- A smooth, powerful, sophisticated electric bike conversion kit compatible with front or rear wheel
- Offers five hall sensors vs. three on most ebikes providing smoother ride and more torque
- Narrow design accommodates rear cassette and offers power regeneration, kit is relatively expensive and wireless display is a bit clunky and loose on some handle bar setups
The Falco HX 500 is a quality electric bike kit, and it costs a bit more as a result. Most ebike conversion kits use small or medium sized geared hub motors with basic control systems. By comparison, the Falco Hx series is direct drive (gearless) offering regeneration and multiple battery options along with either twist throttle, trigger throttle, pedelec or torque sensing pedal assist (or a combination of these three). It’s the kind of drive system you’d find on a higher end electric bike (light weight, slim, wireless) but you can get it stand-alone to use with your existing bike. The kit I reviewed used a 500 watt motor and was fitted to the rear wheel (I’ve also tested the front wheel design which is simpler to install but changes the way steering feels). These motors offer 40 Newton meters of torque, but you can upgrade to the Falco Hx 1500 for 60 Nm of torque or the Hx 750 for 80 Nm of torque (I realize that the numbers seem backwards; the 1500 offers 1500 watts of power at lower torque but is fatter and won’t fit with a cassette).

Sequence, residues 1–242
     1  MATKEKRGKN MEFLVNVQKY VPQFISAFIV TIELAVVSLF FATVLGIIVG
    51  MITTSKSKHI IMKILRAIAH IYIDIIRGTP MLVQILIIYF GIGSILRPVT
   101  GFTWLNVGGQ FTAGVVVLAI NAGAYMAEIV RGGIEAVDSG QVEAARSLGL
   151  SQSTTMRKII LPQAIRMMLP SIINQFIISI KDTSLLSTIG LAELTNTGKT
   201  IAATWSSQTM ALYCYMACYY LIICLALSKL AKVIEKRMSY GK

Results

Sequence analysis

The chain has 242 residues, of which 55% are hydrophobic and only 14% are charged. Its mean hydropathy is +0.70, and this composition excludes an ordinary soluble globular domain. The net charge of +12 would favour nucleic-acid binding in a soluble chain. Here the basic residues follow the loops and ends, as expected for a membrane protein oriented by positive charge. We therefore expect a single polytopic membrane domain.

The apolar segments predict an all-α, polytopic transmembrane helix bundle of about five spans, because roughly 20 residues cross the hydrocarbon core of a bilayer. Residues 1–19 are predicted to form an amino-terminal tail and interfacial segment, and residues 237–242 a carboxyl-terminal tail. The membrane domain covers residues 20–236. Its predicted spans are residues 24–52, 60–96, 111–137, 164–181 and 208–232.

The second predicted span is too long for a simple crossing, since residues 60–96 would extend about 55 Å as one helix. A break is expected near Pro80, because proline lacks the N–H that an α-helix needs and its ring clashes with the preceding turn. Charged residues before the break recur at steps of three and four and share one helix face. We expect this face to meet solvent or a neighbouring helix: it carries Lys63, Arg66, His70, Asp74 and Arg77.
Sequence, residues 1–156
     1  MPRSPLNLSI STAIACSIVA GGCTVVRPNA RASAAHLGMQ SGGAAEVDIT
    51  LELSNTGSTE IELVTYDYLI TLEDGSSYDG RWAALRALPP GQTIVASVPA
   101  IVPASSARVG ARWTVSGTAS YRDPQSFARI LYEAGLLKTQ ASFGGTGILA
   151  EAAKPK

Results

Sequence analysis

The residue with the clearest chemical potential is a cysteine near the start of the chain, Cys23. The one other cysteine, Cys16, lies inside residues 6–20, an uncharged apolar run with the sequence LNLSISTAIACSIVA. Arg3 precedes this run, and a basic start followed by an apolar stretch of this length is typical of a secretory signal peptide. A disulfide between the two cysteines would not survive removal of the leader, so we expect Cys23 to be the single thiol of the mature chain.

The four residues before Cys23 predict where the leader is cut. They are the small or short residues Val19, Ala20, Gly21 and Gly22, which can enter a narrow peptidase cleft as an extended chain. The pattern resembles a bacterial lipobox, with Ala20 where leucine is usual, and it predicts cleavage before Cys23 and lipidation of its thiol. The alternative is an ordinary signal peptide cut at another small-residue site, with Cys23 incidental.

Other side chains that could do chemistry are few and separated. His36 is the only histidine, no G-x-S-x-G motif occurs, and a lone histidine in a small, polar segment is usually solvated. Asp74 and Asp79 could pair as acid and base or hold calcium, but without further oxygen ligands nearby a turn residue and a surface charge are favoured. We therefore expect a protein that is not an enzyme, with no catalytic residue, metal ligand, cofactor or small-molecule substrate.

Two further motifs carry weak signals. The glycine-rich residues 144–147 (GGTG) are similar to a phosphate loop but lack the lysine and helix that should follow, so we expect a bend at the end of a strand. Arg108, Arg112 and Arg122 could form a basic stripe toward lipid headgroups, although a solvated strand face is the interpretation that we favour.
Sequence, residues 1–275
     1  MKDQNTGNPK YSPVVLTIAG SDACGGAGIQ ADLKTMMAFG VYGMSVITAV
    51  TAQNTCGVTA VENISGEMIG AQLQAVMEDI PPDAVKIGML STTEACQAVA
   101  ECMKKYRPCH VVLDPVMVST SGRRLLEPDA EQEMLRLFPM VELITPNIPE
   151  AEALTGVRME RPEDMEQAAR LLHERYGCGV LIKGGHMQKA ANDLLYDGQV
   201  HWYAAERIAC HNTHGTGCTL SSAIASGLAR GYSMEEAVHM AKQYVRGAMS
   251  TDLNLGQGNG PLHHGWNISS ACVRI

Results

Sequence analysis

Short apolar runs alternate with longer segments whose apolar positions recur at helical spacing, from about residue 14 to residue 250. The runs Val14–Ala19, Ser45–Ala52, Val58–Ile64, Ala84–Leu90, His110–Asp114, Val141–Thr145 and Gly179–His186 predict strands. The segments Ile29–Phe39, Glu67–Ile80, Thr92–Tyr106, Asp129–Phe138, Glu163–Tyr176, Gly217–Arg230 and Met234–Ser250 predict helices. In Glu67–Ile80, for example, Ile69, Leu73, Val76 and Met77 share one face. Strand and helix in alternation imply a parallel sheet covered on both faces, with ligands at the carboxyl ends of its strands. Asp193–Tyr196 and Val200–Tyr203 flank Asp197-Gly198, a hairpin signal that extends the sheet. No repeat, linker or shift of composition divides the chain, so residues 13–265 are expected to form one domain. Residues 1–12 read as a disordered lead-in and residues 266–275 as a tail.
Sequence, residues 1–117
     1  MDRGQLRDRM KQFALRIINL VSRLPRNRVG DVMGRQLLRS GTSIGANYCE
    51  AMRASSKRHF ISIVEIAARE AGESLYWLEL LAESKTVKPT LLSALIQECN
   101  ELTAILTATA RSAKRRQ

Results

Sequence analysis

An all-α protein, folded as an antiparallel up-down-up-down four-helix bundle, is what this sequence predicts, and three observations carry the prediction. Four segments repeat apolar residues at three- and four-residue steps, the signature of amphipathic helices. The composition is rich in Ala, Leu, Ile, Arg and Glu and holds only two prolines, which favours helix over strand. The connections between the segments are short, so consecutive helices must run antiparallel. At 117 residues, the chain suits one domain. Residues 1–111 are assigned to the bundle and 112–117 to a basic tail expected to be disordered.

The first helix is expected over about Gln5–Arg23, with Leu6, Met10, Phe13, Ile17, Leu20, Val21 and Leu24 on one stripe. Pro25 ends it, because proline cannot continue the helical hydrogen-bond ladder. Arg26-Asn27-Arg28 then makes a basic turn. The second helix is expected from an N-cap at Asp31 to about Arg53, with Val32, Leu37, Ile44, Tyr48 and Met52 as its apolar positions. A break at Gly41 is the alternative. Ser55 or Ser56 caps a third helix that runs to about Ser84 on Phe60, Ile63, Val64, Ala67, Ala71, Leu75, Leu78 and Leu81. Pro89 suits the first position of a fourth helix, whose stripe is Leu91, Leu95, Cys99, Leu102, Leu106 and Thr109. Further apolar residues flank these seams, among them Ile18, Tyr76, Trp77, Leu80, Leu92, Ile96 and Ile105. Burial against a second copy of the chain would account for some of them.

At the heart of this kit is a 500 watt direct drive (gearless) hub motor that you can either order on its own or built into a wheel size of your choosing (it can be spoked into 20″, 24″, 26″ or 700C to fit virtually any bicycle). The rims have angled holes to add strength to the spokes and are indented to reduce loosening over time. Considering that it’s gearless, this motor is actually pretty slim and light weight. It rides pretty quiet but cuts out abruptly at 20mph (to honor US legal restrictions). I wish they could smooth this out because it can be a bit jarring and doesn’t happen on other kits I’ve tried. Whereas most direct drive ebike motors employ only three hall sensors, the Falco motor uses five. These sensors detect wheel rotation and provide feedback to the controller allowing it to be more responsive and smooth. My favorite part about this kit is that it offers five regen modes that will reduce wear on your brakes and extend the range of your ride if you activate it while coasting down a hill. Alternatively, you can use regeneration as a way to add rigor to your ride or as an exercise machine using a track stand. While the motor coasts relatively smoothly when turned off it still suffers from some cogging (as shown in the video review). Note that the motor output can be changed from high torque to high speed and adjusted to be responsive or more dull if you get the optional $50 USB dongle and download their software. Here’s a video overview with the founder explaining how it works.